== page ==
History buried in Harpersville

The headstones and grave markers at the Garden of Memories Cemetery on Alabama 25 in Harpersville, tells of the town’s rich history.

Among them is the grave of William Jennings, one of three Revolutionary War veterans known to be buried in present day Shelby County.

William Jennings, called “Billy,” was born Feb. 23, 1761, in Prince Edward County, Va. to Robert and Rachel Patterson Jennings.

He enlisted in the Virginia Militia in April 1777, serving five months guarding the boundary of North Carolina.

Typically, most able-bodied men of Virginia served in the Virginia Militia, working their farms and going about the rituals of everyday life at home until they were needed for military service.

They served varying lengths of time, then returned to civilian life until needed again.

During Jennings’ second enlistment, he drove a team of horses in the 1st Brigade of the Virginia Militia Division under the command of Brigadier General Robert Lawson.

It was this three-month period of service that would link him to one of the most notable historical accounts of the war.

Jennings and Gen. Lawson’s Brigade were present at Yorktown, Va. for British Gen.Lord Cornwallis’ surrender to Gen. George Washington on Oct. 19, 1781.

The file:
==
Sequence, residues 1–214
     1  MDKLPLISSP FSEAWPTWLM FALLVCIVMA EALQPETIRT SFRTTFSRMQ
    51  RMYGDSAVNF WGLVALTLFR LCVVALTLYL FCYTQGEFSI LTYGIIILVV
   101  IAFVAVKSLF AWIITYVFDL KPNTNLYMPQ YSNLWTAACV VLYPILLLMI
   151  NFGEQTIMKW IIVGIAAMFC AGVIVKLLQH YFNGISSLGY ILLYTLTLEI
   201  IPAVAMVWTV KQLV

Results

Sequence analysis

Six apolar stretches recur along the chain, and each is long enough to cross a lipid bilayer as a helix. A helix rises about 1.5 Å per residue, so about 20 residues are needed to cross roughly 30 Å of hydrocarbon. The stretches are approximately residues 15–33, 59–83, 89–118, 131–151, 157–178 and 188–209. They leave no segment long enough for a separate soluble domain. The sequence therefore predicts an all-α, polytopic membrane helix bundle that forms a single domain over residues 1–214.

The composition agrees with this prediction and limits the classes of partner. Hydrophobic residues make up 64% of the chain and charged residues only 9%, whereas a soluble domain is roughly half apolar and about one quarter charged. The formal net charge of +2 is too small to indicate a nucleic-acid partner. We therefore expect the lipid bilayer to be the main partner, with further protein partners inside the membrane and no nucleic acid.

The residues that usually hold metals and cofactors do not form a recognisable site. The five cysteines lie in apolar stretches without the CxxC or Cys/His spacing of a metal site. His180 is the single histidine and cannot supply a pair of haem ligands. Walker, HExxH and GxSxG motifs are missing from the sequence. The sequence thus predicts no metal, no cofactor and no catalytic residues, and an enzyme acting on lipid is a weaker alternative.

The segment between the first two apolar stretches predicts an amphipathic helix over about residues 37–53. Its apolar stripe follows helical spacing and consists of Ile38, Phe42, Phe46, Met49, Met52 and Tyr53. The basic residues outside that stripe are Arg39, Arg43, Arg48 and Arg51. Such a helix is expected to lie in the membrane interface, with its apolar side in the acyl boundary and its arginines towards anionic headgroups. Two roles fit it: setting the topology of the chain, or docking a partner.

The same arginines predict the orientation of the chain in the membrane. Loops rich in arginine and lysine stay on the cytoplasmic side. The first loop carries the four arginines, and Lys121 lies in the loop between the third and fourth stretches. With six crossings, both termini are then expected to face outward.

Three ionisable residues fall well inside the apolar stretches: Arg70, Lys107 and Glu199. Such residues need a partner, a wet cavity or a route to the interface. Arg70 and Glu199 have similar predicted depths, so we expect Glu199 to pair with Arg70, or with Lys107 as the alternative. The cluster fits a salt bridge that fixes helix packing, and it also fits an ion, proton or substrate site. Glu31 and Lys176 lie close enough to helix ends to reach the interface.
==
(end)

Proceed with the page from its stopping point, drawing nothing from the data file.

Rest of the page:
Jennings married Polly Kidd on Jan. 18, 1787 in Wilkes County, Ga. In September of the same year, Jennings received a headright land grant of 200 acres in Wilkes County. After the Revolutionary War, headright grants were given by the state of Georgia, formerly under British control, for the purpose of opening up the state for settlement.

A settler had to live on the land for one year and cultivate at least three percent of the acreage in order to obtain the grant. William and Polly Kidd Jennings had 12 children. The Kidd family is among Harpersville’s early settlers.

Jennings applied for a pension on June 7, 1832 for his service in the Revolutionary War. In 1832, he submitted a request to have his pension moved to Shelby County, where he lived until his death on Aug. 17, 1840.

Catherine Cousins writes a weekly column about the history of our county. Have an interesting historic topic? You can reach Cousins by e–mail at info@catherinecousins.com.